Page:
“Going to the grocery store for somebody with PTSD and you’re afraid of things, you don’t want to,” Cindy said. “You just want to get what you need and go home.”

She lost 11 pounds and has only been to the hospital once since joining the program earlier this year, down from two or three times a month. She credits it with giving her two things she hasn’t had for years: stability and friends.

“I feel like I’m a person now, not a victim,” she said.

A demonstration project

Connecticut’s behavioral health homes, which began operating earlier this year, are intended for people with severe, persistent mental illness and at least one chronic medical condition, who incur at least $10,000 in Medicaid claims per year. Stockford estimates up to 17,000 people could qualify.

The program is a demonstration project, meant to test the hypothesis that those involved would get better care by using behavioral health as the home base for care. Agencies must measure a wide range of outcomes, including those related to reducing preventable hospitalizations, homelessness, client satisfaction and how well clients’ chronic conditions are controlled.

The federal health law gave states a new funding option for programs like the behavioral health homes. For the first two years, Connecticut can receive federal reimbursement for 90 percent of the Medicaid expenses incurred in the program, and Harrington said that officials expect that once that expires, the program will be cost-neutral. The state is spending $10 million to start up the behavioral health homes, largely for the mental health agencies to hire additional staff.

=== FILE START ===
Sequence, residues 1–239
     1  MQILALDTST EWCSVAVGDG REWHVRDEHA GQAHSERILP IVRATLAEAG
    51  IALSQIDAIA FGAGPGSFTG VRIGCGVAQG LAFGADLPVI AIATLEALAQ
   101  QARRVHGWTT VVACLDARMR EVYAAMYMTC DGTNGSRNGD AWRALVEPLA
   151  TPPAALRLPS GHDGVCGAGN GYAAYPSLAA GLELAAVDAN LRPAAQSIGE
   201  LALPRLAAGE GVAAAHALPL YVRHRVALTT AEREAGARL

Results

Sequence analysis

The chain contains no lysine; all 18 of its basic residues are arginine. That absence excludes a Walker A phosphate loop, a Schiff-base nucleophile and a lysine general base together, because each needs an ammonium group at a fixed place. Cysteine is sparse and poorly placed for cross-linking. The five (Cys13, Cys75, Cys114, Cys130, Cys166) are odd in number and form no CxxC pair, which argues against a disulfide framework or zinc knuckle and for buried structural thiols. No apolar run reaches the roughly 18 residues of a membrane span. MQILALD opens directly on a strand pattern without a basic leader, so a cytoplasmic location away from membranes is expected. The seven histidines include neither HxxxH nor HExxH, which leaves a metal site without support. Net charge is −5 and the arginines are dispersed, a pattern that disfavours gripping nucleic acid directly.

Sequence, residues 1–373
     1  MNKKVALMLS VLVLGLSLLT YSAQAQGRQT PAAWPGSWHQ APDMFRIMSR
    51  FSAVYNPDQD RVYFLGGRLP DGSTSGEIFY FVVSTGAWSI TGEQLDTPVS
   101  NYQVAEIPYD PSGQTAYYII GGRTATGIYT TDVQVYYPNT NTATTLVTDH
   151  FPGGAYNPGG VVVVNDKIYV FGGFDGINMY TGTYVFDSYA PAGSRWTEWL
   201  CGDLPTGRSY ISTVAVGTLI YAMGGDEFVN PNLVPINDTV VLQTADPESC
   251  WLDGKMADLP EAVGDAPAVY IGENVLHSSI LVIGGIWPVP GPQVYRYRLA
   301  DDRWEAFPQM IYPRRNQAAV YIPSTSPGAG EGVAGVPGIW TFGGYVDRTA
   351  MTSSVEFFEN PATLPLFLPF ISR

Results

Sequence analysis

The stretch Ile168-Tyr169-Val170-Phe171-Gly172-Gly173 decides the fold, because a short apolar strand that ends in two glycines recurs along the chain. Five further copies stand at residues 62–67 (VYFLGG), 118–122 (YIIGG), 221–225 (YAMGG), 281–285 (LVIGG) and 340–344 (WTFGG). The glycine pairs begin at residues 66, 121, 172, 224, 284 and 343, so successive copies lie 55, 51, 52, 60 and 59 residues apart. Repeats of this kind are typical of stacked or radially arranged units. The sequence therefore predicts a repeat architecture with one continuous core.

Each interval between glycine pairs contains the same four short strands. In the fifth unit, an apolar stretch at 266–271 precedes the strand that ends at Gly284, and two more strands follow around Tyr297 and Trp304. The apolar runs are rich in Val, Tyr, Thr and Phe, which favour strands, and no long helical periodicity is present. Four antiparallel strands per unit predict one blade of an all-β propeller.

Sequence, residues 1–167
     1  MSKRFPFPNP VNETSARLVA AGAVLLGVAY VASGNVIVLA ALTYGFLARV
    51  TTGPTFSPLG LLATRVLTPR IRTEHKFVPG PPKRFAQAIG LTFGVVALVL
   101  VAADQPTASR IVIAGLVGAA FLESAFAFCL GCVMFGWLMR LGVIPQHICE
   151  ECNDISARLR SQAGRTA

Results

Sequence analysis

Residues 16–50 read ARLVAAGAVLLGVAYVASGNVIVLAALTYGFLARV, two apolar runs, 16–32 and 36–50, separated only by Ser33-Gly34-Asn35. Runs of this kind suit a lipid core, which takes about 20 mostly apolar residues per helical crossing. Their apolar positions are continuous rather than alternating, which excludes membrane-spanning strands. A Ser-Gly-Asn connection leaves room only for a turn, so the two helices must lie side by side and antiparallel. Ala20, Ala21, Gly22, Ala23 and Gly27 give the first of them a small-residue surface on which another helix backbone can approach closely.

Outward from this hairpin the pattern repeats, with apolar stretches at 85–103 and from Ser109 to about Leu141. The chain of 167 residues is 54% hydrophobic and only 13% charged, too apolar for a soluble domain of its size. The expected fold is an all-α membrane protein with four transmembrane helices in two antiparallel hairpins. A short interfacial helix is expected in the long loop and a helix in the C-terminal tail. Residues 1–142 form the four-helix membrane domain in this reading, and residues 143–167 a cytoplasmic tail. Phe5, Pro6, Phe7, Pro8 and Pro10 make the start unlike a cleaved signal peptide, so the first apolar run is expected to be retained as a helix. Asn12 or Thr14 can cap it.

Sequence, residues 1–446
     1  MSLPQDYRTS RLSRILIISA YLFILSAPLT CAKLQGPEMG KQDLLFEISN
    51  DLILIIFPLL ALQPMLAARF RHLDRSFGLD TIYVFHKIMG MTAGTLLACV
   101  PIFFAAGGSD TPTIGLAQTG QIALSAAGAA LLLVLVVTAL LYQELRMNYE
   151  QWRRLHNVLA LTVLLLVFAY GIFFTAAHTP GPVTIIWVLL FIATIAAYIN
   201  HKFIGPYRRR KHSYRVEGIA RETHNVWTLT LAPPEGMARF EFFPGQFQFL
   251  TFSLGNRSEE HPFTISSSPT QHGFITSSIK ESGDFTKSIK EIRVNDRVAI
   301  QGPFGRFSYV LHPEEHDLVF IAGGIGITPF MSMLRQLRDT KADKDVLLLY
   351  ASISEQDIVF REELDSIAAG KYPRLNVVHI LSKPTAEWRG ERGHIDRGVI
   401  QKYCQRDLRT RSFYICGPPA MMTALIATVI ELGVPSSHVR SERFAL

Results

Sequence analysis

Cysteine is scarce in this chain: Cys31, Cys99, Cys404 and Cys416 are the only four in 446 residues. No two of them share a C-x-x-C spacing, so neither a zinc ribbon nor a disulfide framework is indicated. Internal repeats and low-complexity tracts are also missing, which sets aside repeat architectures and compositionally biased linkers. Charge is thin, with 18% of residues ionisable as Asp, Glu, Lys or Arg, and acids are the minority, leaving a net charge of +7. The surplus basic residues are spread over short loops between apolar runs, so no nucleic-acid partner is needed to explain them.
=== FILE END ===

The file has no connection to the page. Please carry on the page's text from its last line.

Connecting the dots, addressing trauma

Courtney Sheehan
Courtney Sheehan Arielle Levin Becker /

At Community Health Resources, the treatment provider that runs Cindy’s program, many of the behavioral health home clients had primary care providers, but they were “disengaged,” said Courtney Sheehan, senior program director at the agency.

In some cases, people weren’t following through with referrals or screenings. They might not have transportation to get to the facility or family to help take them home after a procedure.

Having a history of trauma – which is widespread among DMHAS clients – can add difficulties to medical care, experts say.

Some types of care, like dental care, mammograms and colonoscopies, are intimate in ways that can be uncomfortable for people who experienced violence, Sheehan said. Having choice and control can be particularly important for trauma survivors, she said.

“The power differentials that occur in medical interactions are to be considered,” Sheehan said. “Thinking about that and giving patients as much information and control over those situations, I think, is really important.”